Rachel McAdams

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Over the weekend, Los Angeles Times reporter Glenn Whipp published an exposé about director James Toback, where 38 women accused him of sexual harassment over the years. Since then, Whipp tweeted that the number of accusers has risen to more than 200 women.

One of those women is Rachel McAdams.

Speaking to Vanity Fair, McAdams she was 21 years old and in theater school when she met Toback, who encouraged her to try out for a role in the film Harvard Man. After her audition, he suggested they workshop it together. McAdams claims Toback told her to leave her phone number with a casting agent's assistant, and he called her that night—to invite her to his hotel.

Since she had to be up early the next day, she asked if they could meet another time. "I didn't really want to go to a hotel and meet him. He said, 'It has to be tonight. I am going out of town first thing tomorrow. This is our only chance.'" McAdams says she "really didn't want to go," but Toback "was so insistent" that she agreed to meet. "He had all of these books and magazines splayed out on the floor. He invited me to sit on the floor, which was a bit awkward. Pretty quickly the conversation turned quite sexual and he said, 'You know, I just have to tell you. I have masturbated countless times today thinking about you since we met at your audition.'"

McAdams became even more uncomfortable when she says Toback became "manipulative," asking her things like "How brave are you?" and "How far you are willing to go as an actress?"

After Toback asked her to read reviews about his work, she recalls thinking, "When are we getting to the rehearsal part?" McAdams says he then excused himself to go to the bathroom. "When he came back he said, 'I just jerked off in the bathroom thinking about you. Will you show me your pubic hair?' I said no," she tells Vanity Fair. "Eventually, I just excused myself."

The alleged incident haunted McAdams for years. Toback had no comment on any of the allegations when Vanity Fair reached him Wednesday. E! News has also asked for a statement.

Rachel McAdams, Oscars 2016, Candids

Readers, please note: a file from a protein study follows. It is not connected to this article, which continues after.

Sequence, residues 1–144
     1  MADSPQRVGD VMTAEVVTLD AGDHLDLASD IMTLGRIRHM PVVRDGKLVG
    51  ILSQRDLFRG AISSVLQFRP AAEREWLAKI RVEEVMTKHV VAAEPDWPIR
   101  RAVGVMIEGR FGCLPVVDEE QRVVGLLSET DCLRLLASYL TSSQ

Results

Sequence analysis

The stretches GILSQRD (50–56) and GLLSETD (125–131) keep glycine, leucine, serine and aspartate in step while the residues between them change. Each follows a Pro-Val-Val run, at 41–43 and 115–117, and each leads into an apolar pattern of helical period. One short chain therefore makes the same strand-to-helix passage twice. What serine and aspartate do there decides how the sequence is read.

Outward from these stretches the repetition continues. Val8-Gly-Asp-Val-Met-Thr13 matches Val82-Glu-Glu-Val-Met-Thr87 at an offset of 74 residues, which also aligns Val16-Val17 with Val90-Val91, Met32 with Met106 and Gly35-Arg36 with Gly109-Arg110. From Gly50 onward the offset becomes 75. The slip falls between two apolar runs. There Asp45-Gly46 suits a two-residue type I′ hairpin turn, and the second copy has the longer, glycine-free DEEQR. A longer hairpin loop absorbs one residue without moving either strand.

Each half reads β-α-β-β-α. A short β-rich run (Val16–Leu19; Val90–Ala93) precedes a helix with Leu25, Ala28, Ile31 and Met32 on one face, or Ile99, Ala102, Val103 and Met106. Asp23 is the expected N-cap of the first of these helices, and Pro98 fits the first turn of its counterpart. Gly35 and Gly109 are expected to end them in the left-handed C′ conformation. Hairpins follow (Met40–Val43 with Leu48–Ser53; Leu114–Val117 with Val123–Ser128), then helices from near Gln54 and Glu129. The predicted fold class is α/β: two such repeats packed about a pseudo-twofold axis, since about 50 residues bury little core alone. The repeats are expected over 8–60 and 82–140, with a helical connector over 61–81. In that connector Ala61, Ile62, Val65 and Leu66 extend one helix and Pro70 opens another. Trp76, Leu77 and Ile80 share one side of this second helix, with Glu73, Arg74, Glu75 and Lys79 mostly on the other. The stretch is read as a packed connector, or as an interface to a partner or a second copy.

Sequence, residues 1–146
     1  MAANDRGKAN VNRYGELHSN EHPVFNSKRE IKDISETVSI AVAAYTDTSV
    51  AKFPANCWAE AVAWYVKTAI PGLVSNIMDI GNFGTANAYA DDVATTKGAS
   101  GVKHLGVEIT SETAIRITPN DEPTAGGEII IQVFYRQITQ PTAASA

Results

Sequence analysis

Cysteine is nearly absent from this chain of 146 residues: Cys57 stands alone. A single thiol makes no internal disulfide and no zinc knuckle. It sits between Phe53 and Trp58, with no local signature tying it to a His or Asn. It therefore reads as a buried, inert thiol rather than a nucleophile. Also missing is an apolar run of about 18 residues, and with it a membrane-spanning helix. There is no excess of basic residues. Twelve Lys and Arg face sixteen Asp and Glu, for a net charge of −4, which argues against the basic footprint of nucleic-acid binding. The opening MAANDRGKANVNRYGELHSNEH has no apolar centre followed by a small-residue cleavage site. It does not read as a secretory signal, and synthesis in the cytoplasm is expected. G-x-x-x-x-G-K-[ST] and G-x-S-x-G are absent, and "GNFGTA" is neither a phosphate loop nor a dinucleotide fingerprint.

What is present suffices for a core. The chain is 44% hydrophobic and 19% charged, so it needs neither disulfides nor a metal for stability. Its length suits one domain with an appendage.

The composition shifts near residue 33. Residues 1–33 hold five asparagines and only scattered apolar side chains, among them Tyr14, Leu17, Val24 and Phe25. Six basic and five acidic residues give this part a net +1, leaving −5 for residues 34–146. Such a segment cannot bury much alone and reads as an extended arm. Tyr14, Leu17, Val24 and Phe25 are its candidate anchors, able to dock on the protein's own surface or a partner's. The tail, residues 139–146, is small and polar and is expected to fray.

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"This has been such a source of shame for me, that I didn't have the wherewithal to get up and leave. I kept thinking, 'This is going to become normal any minute now. This is going to all make sense. This is all above board somehow,'" the Mean Girls star says. "Eventually I just realized that it wasn't." McAdams says she feels "very lucky" that Toback didn't "physically assault" her.

McAdams had never been in a situation like that before. "I was so naïve. I think I just didn't want to believe that it could turn worse. But yes, there was this sinking feeling inside of me. Like, 'Oh my god, I am in this hotel room alone with this person,'" she explains. "I just kept trying to normalize it, thinking, 'This has to be some weird acting exercise. This is some kind of test. I just have to show that I'm brave and this doesn't bother me and nothing can shake me.'"

"I really was frozen," McAdams adds. "My brain was not catching up."

McAdams "couldn't sleep" that night, and her agent "was outraged" when she told her about it the next day. "She was very sorry. But she also said, 'I can't believe he did it again. This isn't the first time that this has happened. He did this the last time that he was in town. He did this to one of my other actresses.' That is when I got mad, because I felt like I was kind of thrown into the lion's den and given no warning that he was a predator. This was something that he was known for doing already," the 38-year-old Notebook star says. "I was so surprised to hear that."

Toback, 72, denied the allegations to The Los Angeles Times, claiming he didn't recall ever meeting any of the original 38 accusers—but said that if he did, the meetings were very brief. The director also said it was "biologically impossible" for him to sexually assault any of his accusers, as it has been for 22 years, due to complications from diabetes and a heart condition.

"I did not want to talk about this ever again," McAdams tells Vanity Fair. "However, even though it is a really bad memory, I feel like some good could come from talking about it now."

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